As in all of my projects, I like to think that I become a little better woodworker and learn a little bit more every time I complete one. But I cannot assign any one particular “Eureka” moment when it came to the physical act of working the wood used in making this desk. Probably the most challenging aspect of the construction was sawing and shaping the ogee ends. At that, the job I did was just okay. I certainly learned something, and I certainly gained some experience, but I don’t feel any closer to the woodworking gods in doing so.
After re-reading these few paragraphs you might thing that I sound bitter, or even ungrateful. Rest assured, I am neither. As I said, this project is hands down my favorite, and it is possible that I may never build anything again that I like quite as much. Why? It is simple, really. I went to a museum and caught a brief glimpse of a piece of furniture that was likely used by a person who has very much guided me throughout my life, and I knew enough about woodworking to be able to construct a near-enough reproduction of that piece of furniture using only a memory and a photo. If there is any “spirituality” to be found, this is it. When I saw the desk I knew immediately that I had to make it. I experienced a unique moment of true inspiration. I wasn’t looking for it; it wasn’t forced; it just happened. And in my estimation, that is the essence of spirituality.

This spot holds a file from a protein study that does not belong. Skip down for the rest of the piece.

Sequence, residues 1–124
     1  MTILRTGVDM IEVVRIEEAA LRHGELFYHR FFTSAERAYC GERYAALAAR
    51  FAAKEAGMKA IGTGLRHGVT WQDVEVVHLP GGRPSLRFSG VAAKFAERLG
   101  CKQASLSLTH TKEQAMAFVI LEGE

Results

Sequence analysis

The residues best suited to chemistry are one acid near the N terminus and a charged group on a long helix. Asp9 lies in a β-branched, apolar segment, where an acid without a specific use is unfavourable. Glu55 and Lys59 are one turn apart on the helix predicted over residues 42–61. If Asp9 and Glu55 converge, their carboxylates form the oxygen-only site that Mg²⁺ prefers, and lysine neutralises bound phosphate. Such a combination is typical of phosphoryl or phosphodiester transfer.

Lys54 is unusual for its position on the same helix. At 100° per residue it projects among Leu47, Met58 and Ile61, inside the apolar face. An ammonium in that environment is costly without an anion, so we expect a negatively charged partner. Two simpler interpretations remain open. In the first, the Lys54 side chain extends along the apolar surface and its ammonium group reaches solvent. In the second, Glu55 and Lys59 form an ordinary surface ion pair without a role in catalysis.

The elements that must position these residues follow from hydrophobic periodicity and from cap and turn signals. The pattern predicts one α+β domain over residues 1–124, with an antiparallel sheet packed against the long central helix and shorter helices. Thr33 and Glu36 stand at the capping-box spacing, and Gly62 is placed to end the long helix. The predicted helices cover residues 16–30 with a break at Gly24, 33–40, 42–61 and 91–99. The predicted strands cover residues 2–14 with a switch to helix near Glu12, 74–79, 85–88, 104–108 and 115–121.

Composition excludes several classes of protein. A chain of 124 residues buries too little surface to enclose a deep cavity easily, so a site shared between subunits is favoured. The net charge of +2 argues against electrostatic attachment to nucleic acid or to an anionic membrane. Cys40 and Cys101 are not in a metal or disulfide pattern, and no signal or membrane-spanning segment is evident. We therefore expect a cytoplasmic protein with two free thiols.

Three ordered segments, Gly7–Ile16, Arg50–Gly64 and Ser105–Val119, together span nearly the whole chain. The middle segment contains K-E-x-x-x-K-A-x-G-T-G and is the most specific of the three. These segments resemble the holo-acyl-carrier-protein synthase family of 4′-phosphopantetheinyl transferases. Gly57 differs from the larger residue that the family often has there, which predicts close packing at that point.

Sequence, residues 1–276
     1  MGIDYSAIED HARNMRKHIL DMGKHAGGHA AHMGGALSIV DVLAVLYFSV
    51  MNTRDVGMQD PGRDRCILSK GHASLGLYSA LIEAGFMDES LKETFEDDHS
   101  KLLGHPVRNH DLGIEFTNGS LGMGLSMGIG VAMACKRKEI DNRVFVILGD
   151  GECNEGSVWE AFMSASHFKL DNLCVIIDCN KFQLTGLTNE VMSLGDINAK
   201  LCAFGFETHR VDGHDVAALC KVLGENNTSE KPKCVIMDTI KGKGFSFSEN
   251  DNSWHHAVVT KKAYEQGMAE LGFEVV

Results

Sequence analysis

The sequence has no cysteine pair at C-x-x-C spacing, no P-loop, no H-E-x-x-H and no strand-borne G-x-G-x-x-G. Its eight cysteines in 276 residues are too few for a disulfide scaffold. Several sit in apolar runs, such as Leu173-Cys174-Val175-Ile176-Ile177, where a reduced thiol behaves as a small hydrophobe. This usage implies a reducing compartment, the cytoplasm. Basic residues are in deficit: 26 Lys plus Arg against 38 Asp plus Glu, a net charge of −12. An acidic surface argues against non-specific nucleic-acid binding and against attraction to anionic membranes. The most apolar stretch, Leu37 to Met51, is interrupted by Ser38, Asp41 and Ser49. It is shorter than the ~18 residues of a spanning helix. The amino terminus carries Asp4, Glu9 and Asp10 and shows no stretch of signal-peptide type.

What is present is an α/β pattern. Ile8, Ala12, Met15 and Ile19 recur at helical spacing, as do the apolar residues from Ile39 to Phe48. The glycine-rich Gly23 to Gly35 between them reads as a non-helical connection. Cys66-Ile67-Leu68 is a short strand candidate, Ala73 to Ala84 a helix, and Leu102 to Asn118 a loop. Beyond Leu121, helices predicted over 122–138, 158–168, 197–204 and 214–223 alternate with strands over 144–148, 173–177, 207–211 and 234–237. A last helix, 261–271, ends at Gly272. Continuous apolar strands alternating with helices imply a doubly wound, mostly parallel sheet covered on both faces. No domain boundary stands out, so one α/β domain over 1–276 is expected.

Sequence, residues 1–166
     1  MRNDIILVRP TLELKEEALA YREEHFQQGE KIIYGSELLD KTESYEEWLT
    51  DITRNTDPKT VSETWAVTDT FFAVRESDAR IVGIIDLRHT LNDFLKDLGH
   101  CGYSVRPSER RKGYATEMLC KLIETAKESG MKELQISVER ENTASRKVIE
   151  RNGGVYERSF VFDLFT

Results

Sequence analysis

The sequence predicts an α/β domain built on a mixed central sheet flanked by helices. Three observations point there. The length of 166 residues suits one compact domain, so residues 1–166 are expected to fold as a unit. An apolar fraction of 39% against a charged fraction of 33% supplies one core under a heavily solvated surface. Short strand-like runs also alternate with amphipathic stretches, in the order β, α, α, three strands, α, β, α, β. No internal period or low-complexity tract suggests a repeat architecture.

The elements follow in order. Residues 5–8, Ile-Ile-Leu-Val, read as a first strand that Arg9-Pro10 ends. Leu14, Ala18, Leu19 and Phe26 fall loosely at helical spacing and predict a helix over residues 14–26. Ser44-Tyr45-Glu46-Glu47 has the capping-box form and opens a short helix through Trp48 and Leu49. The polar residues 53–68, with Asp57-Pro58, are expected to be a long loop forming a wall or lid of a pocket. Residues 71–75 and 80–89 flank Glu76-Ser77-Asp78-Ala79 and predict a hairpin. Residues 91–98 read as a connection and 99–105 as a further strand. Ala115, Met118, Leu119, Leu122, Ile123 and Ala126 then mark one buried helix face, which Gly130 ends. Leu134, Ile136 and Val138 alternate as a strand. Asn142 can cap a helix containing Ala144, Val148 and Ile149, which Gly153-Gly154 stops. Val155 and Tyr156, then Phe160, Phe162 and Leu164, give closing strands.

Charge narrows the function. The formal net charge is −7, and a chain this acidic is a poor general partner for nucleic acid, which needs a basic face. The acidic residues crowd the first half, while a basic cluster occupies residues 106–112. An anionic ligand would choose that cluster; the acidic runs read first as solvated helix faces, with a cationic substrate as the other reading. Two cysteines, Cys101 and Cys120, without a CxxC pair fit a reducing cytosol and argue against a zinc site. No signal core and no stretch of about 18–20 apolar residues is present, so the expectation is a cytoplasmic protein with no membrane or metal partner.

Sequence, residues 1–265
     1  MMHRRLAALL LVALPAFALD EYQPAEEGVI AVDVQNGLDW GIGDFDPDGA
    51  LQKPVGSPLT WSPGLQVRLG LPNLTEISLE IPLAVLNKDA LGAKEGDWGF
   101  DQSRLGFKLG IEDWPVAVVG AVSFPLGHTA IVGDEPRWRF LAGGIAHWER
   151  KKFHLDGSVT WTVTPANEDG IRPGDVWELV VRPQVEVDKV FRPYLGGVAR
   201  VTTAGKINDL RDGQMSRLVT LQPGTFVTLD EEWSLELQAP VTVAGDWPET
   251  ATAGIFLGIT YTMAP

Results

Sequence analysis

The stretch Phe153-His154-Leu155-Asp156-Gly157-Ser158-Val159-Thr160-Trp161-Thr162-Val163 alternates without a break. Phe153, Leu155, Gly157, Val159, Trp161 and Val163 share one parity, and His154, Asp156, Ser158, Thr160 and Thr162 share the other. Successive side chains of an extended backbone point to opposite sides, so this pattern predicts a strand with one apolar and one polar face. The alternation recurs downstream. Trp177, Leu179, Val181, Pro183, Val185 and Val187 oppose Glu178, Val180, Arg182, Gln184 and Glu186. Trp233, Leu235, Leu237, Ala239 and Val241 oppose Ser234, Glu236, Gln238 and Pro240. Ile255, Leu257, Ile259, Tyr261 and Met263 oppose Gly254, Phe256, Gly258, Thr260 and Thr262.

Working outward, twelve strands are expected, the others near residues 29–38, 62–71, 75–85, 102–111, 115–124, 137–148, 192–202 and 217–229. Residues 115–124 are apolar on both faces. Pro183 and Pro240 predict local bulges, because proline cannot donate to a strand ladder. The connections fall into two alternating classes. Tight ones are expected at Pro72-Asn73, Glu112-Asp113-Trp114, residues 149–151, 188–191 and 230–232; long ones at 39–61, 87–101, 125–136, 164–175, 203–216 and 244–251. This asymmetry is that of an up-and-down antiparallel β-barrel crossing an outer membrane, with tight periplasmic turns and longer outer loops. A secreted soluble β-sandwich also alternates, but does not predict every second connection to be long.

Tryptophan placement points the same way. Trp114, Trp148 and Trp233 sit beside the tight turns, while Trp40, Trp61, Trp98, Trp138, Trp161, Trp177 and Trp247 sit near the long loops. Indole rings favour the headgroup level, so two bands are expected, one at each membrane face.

There is more of me in that desk than in any other piece of furniture I’ve made. It isn’t in the joinery, which is dadoes, bolts, and a few screws. It isn’t in the desktop, which quite frankly has a bit more “character” than I had hoped, or the drawers, which are made of basic home center poplar held together with some basic half-blind dovetails. It is something that can’t be seen by others, and I’m glad of that fact.
I could write ten more pages trying to explain my reasonings, but I’m not going to do that. Just know that when I look at that desk, I feel connected to something larger than myself. And I believe that when I finally use it, I will be inspired to be my best.
I don’t know if there is a “woodworking god” or not. But if there is, just for a brief moment as this desk was nearing completion, I believe that I saw His face
For all intents and purposes I completed the construction phase of the Washington Campaign Desk over the weekend. On paper there wasn’t much left to do. Basically I had to assemble the drawer compartment parts and attach it to the desk top. But we all know that “on paper” doesn’t mean much.
Assembling the drawer compartment wasn’t overly difficult. I pre-drilled and counter-sunk the screw holes, applied a little glue, and screwed it together. That part was relatively easy. I had one minor issue, and that was the right side drawer divider would, for some reason, not sit perpendicular to the desk top. I double and triple checked the dado fit and no matter what I did I could not get it perfectly straight. Don’t get me wrong, it is not off much, probably 1 mm or so (for all you metric people), so I decided to not let it bother me. To finish it off I used walnut plugs purchased from Rockler; they worked surprisingly well, and I’m very happy with the finished appearance.